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Friday, Apr 12, 2024

Glucose Monitoring System Could Be a Game Changer


CEO: Joseph Y. Lucisano.

Revenue: Pre-sales, development stage. Revenues to date from research grants/contracts.

No. of local employees: 10 full-time, plus additional consultants/contractors.

Investors: West Health Investment Fund, Windham Venture Partners, additional institutions/individuals.

Headquarters: Sorrento Mesa.

Year founded: 1998.

Company description: Privately held corporation developing a new long-term, fully implanted continuous glucose monitoring system intended to advance the standard of care in diabetes treatment by improving outcomes and lowering associated health care costs. The GlySens system automatically measures glucose for a year or more using a fully implanted sensor that is expected to require only infrequent calibration checks. Wireless transmission to an external receiver provides for convenient display, recording and alerts regarding glucose excursions.

Key factors for success: Continuous focus on end-user needs. Uses rigorous, analytical and evidence-based engineering/science approach for its product development.

Commercialization of an implantable glucose monitoring system for diabetics is looking more viable as Sorrento Mesa-based GlySens Inc. reports positive results from testing in humans and prepares for a larger scale study to begin late next year.

The GlySens implantable continuous glucose monitoring system incorporates a sensor that is located under the skin and transmits glucose measurements wirelessly to an external display device. The sensor continuously monitors the glucose levels in the subcutaneous tissue which are correlated to blood glucose levels. The accompanying display device indicates the current blood glucose level, shows a chart of the previous blood glucose values, provides adjustable automatic warnings of high and low blood glucose readings, and stores information for easy analysis by the user or physician, according to the GlySens website.

A Better Method

The implantable system, typically placed in the lower abdomen, is a leap forward from the conventional glucose monitoring method of a finger-stick, said GlySens President and CEO Joseph Y. Lucisano, and offers a longer term solution as compared with several continuous glucose monitoring products on the market that last a few days and have to be replaced.

GlySens is aiming for a one-year lifetime for its implantable system, which has been demonstrated to work for 18 months in animals. Lucisano said extensive animal testing has been done, primarily in pigs because they’re a good model for the human subcutaneous structure. The testing confirmed the device was safe, he said, and determined that the sensor is capable of operating for long periods without needing attention such as recalibration. Results have been reported in 2010 in the medical journal Science Translational Medicine.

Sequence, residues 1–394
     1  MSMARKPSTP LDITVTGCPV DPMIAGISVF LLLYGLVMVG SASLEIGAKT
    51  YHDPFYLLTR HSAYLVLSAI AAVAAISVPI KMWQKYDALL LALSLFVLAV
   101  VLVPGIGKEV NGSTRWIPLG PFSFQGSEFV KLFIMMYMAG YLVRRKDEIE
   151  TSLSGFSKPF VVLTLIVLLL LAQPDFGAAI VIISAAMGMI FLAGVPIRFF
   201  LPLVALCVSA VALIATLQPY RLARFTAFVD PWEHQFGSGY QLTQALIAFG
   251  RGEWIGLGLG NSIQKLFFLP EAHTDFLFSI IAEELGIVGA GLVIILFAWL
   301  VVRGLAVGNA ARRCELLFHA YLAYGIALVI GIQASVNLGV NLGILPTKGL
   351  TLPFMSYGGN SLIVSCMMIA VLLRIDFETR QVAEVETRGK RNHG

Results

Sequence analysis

Having transitioned to human studies, GlySens recently completed a six month pilot study with six people.

“We demonstrated that the device can operate for long periods of time without needing recalibration,” Lucisano said. “A primary goal is to deliver a product to people with diabetes that they won’t have to intervene with for maintenance. That’s a primary goal we’re very interested in satisfying.”

Lucisano said the full data set from the study is still being analyzed, but the company expects to report results — through publication or presentation within the next few months — showing the system operates similarly in humans as it does in animals.

A key to their efforts is producing a highly reliable, long-term implantable medical device, he said.

“Throughout all this time of developing a product we always tried to never lose sight of the user of the product — people with diabetes, their families and the caregivers,” said Lucisano, who cites estimates of 3 million people in the U.S. with type 1 diabetes and 4 million with type 2 diabetes. “We work very hard so that all of our science and engineering efforts are directed at meeting that need. We always keep that in the forefront and let that guide what needs to be done.”

The Next Trial

The next step is another human trial that will be conducted with several hundred subjects at multiple sites starting late next year. Results of this pivotal trial will be reported to the FDA with the aim of getting marketing clearance, although the process is expected to take several years.